I hope Grantham Music Festival goes on forever

Grantham Music Festival : Schools section. Little Gonerby School  211C
Grantham Music Festival : Schools section. Little Gonerby School 211C
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I just wanted to get in touch to talk about the fantastic milestone that the Grantham Music Festival has just reached (that being it’s 50th Anniversary).

In comparision to other European countries (mainly Germany, France and Italy) here in the UK ‘the Arts’ remain under represented, undervalued and (especially in the current economic climate) hugely underfunded.

And so it is through organisations such as the Grantham Music Festival that local musicians of all ages have an invaluable platform to perform, whilst the festival also helps develop young talent a great deal.

I grew up in Grantham as one of these young musicians that performed in the Festival each year. I had the good fortune to go to Central School and then to King’s School, both of which had fantastic (albeit small) music departments with very encouraging teachers at that time, but I can truly say that if it wasn’t for the experiences that I gained through performing at the Grantham Music Festival then chances are that I wouldn’t be a professional musician today.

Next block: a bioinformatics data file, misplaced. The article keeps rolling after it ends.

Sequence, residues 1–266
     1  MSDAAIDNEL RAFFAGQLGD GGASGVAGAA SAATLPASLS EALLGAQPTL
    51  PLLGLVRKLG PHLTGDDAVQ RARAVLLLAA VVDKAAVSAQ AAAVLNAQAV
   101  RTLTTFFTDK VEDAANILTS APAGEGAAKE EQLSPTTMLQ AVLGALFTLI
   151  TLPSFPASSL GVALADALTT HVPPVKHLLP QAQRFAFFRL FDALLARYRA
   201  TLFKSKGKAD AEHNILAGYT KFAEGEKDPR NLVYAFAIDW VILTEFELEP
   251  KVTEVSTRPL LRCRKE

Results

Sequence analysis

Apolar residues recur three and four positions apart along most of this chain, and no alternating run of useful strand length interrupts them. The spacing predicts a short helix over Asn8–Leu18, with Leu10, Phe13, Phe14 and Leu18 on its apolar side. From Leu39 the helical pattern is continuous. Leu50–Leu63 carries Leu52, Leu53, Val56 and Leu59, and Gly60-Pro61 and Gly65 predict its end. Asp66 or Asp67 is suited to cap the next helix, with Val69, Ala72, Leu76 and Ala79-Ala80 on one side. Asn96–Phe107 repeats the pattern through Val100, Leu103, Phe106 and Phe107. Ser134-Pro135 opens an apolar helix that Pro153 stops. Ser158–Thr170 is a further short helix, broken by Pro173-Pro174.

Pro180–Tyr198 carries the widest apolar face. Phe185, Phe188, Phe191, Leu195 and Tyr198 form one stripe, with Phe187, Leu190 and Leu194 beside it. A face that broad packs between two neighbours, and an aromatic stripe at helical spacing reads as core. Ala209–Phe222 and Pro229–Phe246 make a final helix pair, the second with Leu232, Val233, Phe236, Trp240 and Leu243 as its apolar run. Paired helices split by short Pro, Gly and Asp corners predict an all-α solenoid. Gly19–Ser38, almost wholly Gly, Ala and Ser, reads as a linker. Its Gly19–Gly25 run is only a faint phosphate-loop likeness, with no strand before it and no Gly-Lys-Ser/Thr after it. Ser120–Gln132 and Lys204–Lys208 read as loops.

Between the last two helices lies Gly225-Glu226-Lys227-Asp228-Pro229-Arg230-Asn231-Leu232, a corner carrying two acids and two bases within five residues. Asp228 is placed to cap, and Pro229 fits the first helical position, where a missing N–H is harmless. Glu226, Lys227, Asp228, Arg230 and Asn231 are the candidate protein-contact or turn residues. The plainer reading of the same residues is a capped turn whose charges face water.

Last Saturday (17th March) saw the 50th Anniversary Gala Concert held in Christ Church on Finkin Street with the trophy giving/award ceremony preceeding the concert.

I was invited to perform in this concert and I felt honoured to take part (the festival being such a large part of especially my teenage years that I felt I just couldn’t refuse).

Unfortunately the amount of prize/category winners absent from the ceremony was staggering, and considering that this was the 50th anniversary of the festival, it left the organisers feeling somewhat deflated.

This was obviously such a huge shame and completely undeserved. Just think about the amount of effort that they go to each year in putting the festival together.

The concert itself was a lovely affair showcasing some fantastic home-grown professional musicians that performed a diverse programme. It appealed to an extremely wide range of ages and tastes.

It was just a huge shame that the concert didn’t receive the turn-out it deserved.

I can recall these occasions being full to such an extent that people would be standing along the back and to the sides of the Church, and so I am worried that those levels of support and enthusiam for music are lost.

Grantham needs and deserves a thriving music scene. I believe this can happen but only if we all care about music, support local musicians and nurture our young talent as much as possible.

May I take this opportunity to thank you for your time.

I strongly feel it would be a huge shame if participation and attendance at the Grantham Music Festival declined, so I do hope the Grantham Journal will continue to support the festival in any way possible, to guarantee its future.

Nathan Hassall

Professor of Saxophone

London College of Music